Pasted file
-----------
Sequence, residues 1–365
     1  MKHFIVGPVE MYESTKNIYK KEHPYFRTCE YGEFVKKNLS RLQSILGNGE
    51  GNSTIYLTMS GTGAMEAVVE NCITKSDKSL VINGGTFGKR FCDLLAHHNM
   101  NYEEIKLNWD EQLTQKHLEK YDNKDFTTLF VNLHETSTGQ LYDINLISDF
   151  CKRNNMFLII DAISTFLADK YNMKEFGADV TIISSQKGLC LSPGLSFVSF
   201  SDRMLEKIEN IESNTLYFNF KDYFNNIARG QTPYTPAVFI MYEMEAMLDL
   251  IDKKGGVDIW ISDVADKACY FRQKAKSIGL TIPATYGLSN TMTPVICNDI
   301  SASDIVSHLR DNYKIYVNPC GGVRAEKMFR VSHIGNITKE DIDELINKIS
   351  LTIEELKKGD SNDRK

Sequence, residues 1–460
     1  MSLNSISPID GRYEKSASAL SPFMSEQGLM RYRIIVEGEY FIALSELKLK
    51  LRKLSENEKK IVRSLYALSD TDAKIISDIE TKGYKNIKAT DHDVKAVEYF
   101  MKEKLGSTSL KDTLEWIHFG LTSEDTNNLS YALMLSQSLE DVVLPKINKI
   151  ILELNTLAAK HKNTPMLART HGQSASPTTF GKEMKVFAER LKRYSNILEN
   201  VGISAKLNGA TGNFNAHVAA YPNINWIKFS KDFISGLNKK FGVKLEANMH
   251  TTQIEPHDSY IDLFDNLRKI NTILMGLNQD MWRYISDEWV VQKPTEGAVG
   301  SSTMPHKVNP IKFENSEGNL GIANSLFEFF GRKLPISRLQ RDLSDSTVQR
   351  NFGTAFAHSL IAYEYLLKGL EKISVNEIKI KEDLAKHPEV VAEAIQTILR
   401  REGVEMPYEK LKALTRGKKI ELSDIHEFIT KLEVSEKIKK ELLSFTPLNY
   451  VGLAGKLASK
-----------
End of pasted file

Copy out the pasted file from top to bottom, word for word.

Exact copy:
Sequence, residues 1–365
     1  MKHFIVGPVE MYESTKNIYK KEHPYFRTCE YGEFVKKNLS RLQSILGNGE
    51  GNSTIYLTMS GTGAMEAVVE NCITKSDKSL VINGGTFGKR FCDLLAHHNM
   101  NYEEIKLNWD EQLTQKHLEK YDNKDFTTLF VNLHETSTGQ LYDINLISDF
   151  CKRNNMFLII DAISTFLADK YNMKEFGADV TIISSQKGLC LSPGLSFVSF
   201  SDRMLEKIEN IESNTLYFNF KDYFNNIARG QTPYTPAVFI MYEMEAMLDL
   251  IDKKGGVDIW ISDVADKACY FRQKAKSIGL TIPATYGLSN TMTPVICNDI
   301  SASDIVSHLR DNYKIYVNPC GGVRAEKMFR VSHIGNITKE DIDELINKIS
   351  LTIEELKKGD SNDRK

Sequence, residues 1–460
     1  MSLNSISPID GRYEKSASAL SPFMSEQGLM RYRIIVEGEY FIALSELKLK
    51  LRKLSENEKK IVRSLYALSD TDAKIISDIE TKGYKNIKAT DHDVKAVEYF
   101  MKEKLGSTSL KDTLEWIHFG LTSEDTNNLS YALMLSQSLE DVVLPKINKI
   151  ILELNTLAAK HKNTPMLART HGQSASPTTF GKEMKVFAER LKRYSNILEN
   201  VGISAKLNGA TGNFNAHVAA YPNINWIKFS KDFISGLNKK FGVKLEANMH
   251  TTQIEPHDSY IDLFDNLRKI NTILMGLNQD MWRYISDEWV VQKPTEGAVG
   301  SSTMPHKVNP IKFENSEGNL GIANSLFEFF GRKLPISRLQ RDLSDSTVQR
   351  NFGTAFAHSL IAYEYLLKGL EKISVNEIKI KEDLAKHPEV VAEAIQTILR
   401  REGVEMPYEK LKALTRGKKI ELSDIHEFIT KLEVSEKIKK ELLSFTPLNY
   451  VGLAGKLASK